In 2007, the phrase “black swan” events was coined. It described moments in time that are impossible to predict—the kind that are capabable of bringing huge consequences. It showed many companies how critical it is to always assume that a black swan event was possible and to plan accordingly.
The ongoing COVID-19 crisis is the most recent “black swan” to challenge businesses around the world, and it’s forcing CIOs to ask themselves one very important question: Could they return to their previous state of operation following an event that might otherwise disrupt it or shut it down?
That’s led a lot of companies to take a hard look at their business resilience, which means knowing if they’re prepared to adapt when disruptions occur, maintain business operations, and keep staff, data, and their reputation safe. Easy, right?
There’s a lot more to it. One Google search on business resilience yields hundreds of results, each using phrases like “business continuity” and “disaster recovery.” And while many people use them interchangeably, they’re actually both very different—and equally important in ensuring a robust business resilience plan.
So, how do you know where to start? We break down the differences between business continuity and disaster recovery, why you need them, and how to make sure you’re building plans that are reliable and effective.
What is a Business Continuity Plan?
A business continuity plan refers to a series of protocols designed to ensure your business can continue operating during a disruptive event. In the simplest terms, a business continuity plan aims to answer the question: “How can we keep the business running if the unexpected strikes?”
With business continuity planning, you’re focusing on the critical operations that a business needs to get up and running again after a disruption. This can include things like business processes, critical business data, vital assets, business partners, and more. If the plan is followed correctly, businesses should be able to continue to provide services to customers during or immediately after a disaster or unplanned outage with minimal disruption.
In general, a business continuity plan will contain the following:
Business Recovery: This includes your plan to recover essential business processes, including business resumption planning, work area recovery, and building workforce resilience.
IT Disaster Recovery and Service Continuity Management: This kind of planning helps you limit the impact of downtime specifically for IT services and systems, whether from scheduled outages (infrastructure maintenance) or unscheduled incidents (like cyberattacks or technical failures).
Supplier Risk and Contingency Management: This addresses the risks associated with using external parties as part of the delivery of an organization’s products or services. It also plans for how the business process would continue if the supplier had a business disruption of its own.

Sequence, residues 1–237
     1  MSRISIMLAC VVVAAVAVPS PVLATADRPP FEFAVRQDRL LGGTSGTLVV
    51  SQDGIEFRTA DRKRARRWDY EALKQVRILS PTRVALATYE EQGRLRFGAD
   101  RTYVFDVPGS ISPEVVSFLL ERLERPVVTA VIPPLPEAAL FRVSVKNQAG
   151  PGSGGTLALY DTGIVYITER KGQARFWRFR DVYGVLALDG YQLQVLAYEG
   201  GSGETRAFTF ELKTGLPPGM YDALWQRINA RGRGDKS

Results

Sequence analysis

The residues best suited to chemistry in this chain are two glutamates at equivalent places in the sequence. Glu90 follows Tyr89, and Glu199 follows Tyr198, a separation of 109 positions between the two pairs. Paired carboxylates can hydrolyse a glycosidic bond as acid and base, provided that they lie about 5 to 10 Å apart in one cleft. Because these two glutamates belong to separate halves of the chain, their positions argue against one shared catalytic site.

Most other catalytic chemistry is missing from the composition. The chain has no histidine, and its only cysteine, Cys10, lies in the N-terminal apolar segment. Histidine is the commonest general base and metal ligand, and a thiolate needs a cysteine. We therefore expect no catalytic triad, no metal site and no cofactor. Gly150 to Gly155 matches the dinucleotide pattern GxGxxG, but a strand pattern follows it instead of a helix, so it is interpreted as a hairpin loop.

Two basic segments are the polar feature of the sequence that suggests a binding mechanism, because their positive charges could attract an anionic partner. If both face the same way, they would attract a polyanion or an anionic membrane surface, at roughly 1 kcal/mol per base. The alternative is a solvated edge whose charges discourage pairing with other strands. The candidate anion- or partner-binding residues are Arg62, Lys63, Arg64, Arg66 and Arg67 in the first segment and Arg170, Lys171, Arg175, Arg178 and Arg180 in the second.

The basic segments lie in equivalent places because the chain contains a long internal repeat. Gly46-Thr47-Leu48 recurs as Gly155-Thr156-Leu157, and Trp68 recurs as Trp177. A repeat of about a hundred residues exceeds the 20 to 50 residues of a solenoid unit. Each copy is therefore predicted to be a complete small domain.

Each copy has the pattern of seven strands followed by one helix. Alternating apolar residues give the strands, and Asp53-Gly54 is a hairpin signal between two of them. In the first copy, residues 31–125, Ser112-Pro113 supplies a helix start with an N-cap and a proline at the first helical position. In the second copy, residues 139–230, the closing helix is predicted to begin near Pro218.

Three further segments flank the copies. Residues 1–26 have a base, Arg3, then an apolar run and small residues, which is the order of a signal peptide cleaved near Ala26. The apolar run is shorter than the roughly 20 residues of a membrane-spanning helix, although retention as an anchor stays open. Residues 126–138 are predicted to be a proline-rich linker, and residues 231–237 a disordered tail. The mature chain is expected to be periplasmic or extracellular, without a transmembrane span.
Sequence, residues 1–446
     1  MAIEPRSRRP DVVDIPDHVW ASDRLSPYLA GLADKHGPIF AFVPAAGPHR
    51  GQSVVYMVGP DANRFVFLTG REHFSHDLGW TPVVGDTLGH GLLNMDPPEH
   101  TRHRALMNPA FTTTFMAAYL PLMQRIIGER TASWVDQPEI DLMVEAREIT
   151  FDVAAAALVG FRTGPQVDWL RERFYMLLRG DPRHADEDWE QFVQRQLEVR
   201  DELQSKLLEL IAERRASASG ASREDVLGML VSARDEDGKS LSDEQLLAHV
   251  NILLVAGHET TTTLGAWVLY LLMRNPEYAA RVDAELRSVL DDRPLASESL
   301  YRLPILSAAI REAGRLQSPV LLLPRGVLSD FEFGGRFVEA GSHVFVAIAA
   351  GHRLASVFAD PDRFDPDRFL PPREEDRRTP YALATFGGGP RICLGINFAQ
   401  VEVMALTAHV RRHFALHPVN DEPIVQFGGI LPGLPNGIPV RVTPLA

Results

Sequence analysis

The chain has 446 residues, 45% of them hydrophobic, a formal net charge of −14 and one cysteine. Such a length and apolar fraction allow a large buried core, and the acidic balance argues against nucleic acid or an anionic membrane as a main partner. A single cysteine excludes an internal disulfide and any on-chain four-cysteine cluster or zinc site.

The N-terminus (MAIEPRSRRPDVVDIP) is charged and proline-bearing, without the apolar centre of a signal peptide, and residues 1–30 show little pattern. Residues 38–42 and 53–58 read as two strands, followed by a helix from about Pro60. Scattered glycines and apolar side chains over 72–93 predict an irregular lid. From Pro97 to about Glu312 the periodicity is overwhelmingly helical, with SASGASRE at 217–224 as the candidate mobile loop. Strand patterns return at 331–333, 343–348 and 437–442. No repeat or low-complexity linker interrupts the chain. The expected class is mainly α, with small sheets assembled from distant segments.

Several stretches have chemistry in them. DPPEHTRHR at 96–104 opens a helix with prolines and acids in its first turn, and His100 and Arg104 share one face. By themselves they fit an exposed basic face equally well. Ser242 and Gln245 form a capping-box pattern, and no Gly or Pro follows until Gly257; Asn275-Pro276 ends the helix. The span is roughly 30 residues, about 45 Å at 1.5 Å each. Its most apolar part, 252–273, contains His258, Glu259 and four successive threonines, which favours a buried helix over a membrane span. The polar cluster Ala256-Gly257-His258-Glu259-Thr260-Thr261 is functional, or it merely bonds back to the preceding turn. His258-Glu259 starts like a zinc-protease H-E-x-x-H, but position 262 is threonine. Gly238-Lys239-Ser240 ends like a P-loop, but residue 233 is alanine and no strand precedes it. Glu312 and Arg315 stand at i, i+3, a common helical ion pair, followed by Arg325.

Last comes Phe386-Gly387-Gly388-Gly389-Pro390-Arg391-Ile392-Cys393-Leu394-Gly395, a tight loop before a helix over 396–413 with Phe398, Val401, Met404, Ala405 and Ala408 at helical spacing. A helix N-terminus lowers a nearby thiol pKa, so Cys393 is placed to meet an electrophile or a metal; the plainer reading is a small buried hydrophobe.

Crisis and Emergency Management: This establishes authority, control, communication, and coordination in an emergency event, including internal and external communication, to limit damage.
What is a Disaster Recovery Plan?
A disaster recovery plan refers more specifically to the steps and technologies for recovering from a disruptive event, especially when it comes to restoring lost data, infrastructure failure or other technological components. This plan aims to answer the question: “How do we recover from the unexpected?” You probably noticed above that a disaster recovery plan is part of your business continuity planning.
Typically, a disaster recovery plan is focused on safeguarding a business’s data and information systems. According to Data Center Knowledge, for example, a disaster recovery plan is designed to save “data with the sole purpose of being able to recover it in the event of a disaster.” For this reason, disaster recovery planning is usually focused on the needs of the IT department. Depending on the type of disaster, the plan could involve everything from recovering a small data set to the loss of an entire datacenter. Since most businesses are increasingly reliant on information technology, the disaster recovery plan is an important part of business continuity planning.
Why are Business Continuity and Disaster Recovery Plans Important?
Every single day, businesses face a wide variety of threats that can bring their processes to a halt—whether it’s from natural disasters like fires, floods, or earthquakes, or man-made threats like cyberattacks. And without both a business continuity plan and a disaster recovery plan in place, these unexpected events (ahem, the “back swans”) can cause some pretty serious setbacks.
In fact, according to the National Archives and Records Administration (NARA) in Washington, D.C., 93% of companies that lost their data center for ten or more days due to a disaster filed for bankruptcy within one year of the disaster. Additionally, 60% of companies that lose their data shut down within six months of the disaster.
When you add in an estimated $300,000 per hour loss, this makes a business continuity and disaster recovery plan vital to ensuring your company recovers data in the shortest possible time.
The stakes are especially high for smaller businesses. According to FEMA (Federal Emergency Management Agency), 90% of smaller companies fail within one year after a disaster if they’re unable to resume operations within 5 days. Without detailed plans for preparing for such a disaster, businesses are setting themselves up for failure.